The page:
Soil Creep – Slowest of mass movements, occurs on gentle, well vegetated slopes. Moves because of the way the soil particles repeatedly expand and contract in wet and dry periods
The soil started to creep (soil creep) downhill - but so slowly that no one noticed.
The soil may move less than a centimetre a year, but over time the results can be seen in small, step-like terraces on hillsides.
To understand soil creep, think of a sandcastle. It will only stand up when it is made with damp sand – the water offers cohesion to the sand, binding the sand particles together. However, pouring water over the sandcastle destroys it, because too much water fills the gaps between the grains, creating a slip plane between the particles and causing them to slip and slide away.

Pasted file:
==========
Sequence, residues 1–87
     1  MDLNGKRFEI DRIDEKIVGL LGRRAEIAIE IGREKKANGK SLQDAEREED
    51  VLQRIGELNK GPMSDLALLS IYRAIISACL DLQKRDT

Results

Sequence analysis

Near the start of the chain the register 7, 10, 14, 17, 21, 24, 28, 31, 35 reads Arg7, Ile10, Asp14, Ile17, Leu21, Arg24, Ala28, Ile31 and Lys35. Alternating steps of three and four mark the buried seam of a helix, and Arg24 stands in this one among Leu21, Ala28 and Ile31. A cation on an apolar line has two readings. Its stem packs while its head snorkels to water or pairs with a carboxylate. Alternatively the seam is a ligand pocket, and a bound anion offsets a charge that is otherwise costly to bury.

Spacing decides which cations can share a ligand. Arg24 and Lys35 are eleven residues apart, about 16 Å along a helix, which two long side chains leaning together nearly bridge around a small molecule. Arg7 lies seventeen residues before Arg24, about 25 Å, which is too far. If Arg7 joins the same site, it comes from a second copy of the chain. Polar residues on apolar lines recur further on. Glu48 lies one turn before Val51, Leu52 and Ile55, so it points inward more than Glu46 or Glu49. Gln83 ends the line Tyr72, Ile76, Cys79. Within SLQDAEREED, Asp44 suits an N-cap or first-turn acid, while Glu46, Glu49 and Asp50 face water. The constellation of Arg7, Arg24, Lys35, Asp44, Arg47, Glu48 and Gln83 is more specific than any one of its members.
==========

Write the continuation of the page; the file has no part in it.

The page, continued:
It is the same with soil creep on hillsides. Dampness helps the hillside to stay put, but after a lot of rain the gaps between the grains become saturated, causing the ground to slide along the slip plane it creates.